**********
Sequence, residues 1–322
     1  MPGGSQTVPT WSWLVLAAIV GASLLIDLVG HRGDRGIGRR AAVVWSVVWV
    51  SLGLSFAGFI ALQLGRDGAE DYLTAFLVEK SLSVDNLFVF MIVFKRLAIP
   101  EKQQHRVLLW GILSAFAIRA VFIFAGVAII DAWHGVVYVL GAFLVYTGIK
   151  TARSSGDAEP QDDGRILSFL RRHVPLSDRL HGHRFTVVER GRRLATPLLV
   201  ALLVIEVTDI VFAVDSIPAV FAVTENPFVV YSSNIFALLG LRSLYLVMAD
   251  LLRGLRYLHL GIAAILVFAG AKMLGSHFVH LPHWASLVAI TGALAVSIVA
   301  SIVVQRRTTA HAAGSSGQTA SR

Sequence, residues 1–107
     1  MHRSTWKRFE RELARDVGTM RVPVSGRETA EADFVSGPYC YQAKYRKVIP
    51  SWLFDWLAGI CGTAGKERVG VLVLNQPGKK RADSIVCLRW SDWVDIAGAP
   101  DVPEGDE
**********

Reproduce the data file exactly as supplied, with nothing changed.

Sequence, residues 1–322
     1  MPGGSQTVPT WSWLVLAAIV GASLLIDLVG HRGDRGIGRR AAVVWSVVWV
    51  SLGLSFAGFI ALQLGRDGAE DYLTAFLVEK SLSVDNLFVF MIVFKRLAIP
   101  EKQQHRVLLW GILSAFAIRA VFIFAGVAII DAWHGVVYVL GAFLVYTGIK
   151  TARSSGDAEP QDDGRILSFL RRHVPLSDRL HGHRFTVVER GRRLATPLLV
   201  ALLVIEVTDI VFAVDSIPAV FAVTENPFVV YSSNIFALLG LRSLYLVMAD
   251  LLRGLRYLHL GIAAILVFAG AKMLGSHFVH LPHWASLVAI TGALAVSIVA
   301  SIVVQRRTTA HAAGSSGQTA SR

Sequence, residues 1–107
     1  MHRSTWKRFE RELARDVGTM RVPVSGRETA EADFVSGPYC YQAKYRKVIP
    51  SWLFDWLAGI CGTAGKERVG VLVLNQPGKK RADSIVCLRW SDWVDIAGAP
   101  DVPEGDE